All Funked Up

I’ve written a lot about the things I love about the military life.  But you know what?  I can get in a funk about it, too.  Sometimes I feel so over the TDYs, the deployments, the changes, the uncertainties… I’m done! I think to myself.  Just let me plant my roots!  I want roots!

I want the cute little neighborhood with neighbors I’ve known for years, the cracked window panes from rogue baseballs that we never got around to fixing, the dirt under my nails from toiling in my very own garden in my very own yard and the ugly sun hat to go with it (yes, Mike, I hear your objection to the sun hat and the request for a bikini and a killer bod).  I want to decide to put up a porch swing and to be able to just go ahead and do it – no permission from landlords needed, no “nice alternative” considered.  I want to walk into my house that I spent a substantial amount of time searching for and choosing, and I want to walk into it without thinking “it’s only temporary.”  I want to not have to worry so much.

All right, all right… that last line was too much.  Anyone who knows me knows there’s no chance that “worry” would someday not be synonymous with my name.  But anyway…

Sometimes I catch glimpses of all those “wants” in this temporary place we’re calling home, tantalizing suggestions that maybe life isn’t so lacking.  In fact, recently I’ve been catching handfuls of them, and they’ve gotten me thinking about the importance of focusing on those glimpses, on catching them and holding on to them for dear life…

Not long ago, a good friend from a previous assignment, Jill, decided to swing by with her daughter on a whim, and we spent some time letting our kids play outside.  Soon Cheryl, a neighbor who’s become a good friend over the last year, rounded the corner with her dog and daughter, saying, “I heard noise outside, so we decided to come join you.”  And in recent weeks my son has spent nearly every day riding bikes and swinging toy light sabers with the three boys down the street, utterly submersed in the language of outdoor summer play: imagination and role play.  Cops and robbers and epic battles.  Races down the street.  Rules followed.  Rules broken.  Sweat.  Oh, the sweat….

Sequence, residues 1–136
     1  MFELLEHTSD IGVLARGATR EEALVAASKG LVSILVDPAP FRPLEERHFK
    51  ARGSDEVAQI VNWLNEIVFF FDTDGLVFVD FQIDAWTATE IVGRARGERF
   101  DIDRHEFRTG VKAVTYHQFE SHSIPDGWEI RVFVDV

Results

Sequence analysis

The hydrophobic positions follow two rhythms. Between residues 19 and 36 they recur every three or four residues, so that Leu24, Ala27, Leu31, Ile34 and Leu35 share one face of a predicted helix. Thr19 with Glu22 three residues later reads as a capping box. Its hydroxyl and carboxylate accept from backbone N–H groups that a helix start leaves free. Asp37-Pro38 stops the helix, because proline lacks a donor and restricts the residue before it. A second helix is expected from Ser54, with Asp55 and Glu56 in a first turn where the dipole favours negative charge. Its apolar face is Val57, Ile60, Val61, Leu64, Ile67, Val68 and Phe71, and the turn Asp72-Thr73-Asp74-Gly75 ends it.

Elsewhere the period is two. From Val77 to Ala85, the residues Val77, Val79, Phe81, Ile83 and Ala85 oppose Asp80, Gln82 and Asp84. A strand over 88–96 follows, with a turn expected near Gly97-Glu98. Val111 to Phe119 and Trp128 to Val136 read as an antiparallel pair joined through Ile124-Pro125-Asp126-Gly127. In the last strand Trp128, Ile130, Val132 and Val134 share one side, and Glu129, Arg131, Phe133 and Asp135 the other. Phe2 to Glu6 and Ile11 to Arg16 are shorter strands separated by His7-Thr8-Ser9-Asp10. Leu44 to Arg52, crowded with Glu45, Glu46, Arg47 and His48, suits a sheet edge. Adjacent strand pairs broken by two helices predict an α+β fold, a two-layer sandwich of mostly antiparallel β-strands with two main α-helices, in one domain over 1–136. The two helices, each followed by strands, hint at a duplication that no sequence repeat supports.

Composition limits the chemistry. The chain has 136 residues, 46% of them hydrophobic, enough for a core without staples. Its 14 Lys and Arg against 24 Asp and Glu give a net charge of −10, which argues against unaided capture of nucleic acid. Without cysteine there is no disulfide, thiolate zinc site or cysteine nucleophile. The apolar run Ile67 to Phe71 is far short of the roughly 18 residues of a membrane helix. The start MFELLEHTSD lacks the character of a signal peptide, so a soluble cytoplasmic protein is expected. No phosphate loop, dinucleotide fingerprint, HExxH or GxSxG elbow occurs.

And I’ve been thinking, love this.

I love that Jill is able to just come on over.  I love that Cheryl heard us outside and just came out to play.  I love that these kids ride their bikes and push their trucks, empty the toys out of garages, and squabble over each others’ wheels.  I love that the moms gather in patches of shade and swap stories of hilarious or desperate or just plain typical episodes with their kids.  We laugh, we commiserate, we offer advice… we spell a lot of curse words.  (Little Johnny hasn’t caught on yet, right?)

Just tonight Mike and I broke our Cardinal rule, our oh-so-sacred and rarely flexible bedtime, and let the kids play outside past dark, while we chatted with the neighbor kids’ mom.  It got dark enough that we couldn’t even see our kids down the street.  But I found myself thinking that I wasn’t worried.  I knew the kids knew their parameters, and what’s better – I knew the older boys watched out for the littler ones, which includes my son.  Lo and behold, as I later wandered up the street to bring my son home, my almost two year old hanging onto my finger with one hand and waving a glow stick in hypnotic swirls with the other, we found the four boys sitting in a circle and playing cards in the driveway.  A couple of them still had bike helmets on.  They all needed a hose.

The innocence of that scene, the perfection of that circle of serious boyhood games… that was one of those glimpses.  I know my son will remember this.  I know he’ll look back on our time in Virginia, and remember those boys, remember how he looked up to the older ones, remember how they taught him to play cops and robbers.  I know my daughter will be reminded that she made her very first friend here, and perhaps this life will bring them back to each other’s lives from time to time.  I know I will always feel grateful for the women around me – all of them – who help, support, sympathize, cheer, and rejoice.  They cultivate a real and memorable community around us.  It may not have deep roots, but its vines are wide and long.

And man, are they ever the stuff we want in life…


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3 thoughts on “All Funked Up

  1. Love your message of refocusing and recognizing all there is to be grateful for. The last line about what you love about your temporary community, “It may not have deep roots, but its vines are wide and long”, is just perfect.


  2. Pingback: Giving life back with interest | Going Placidly

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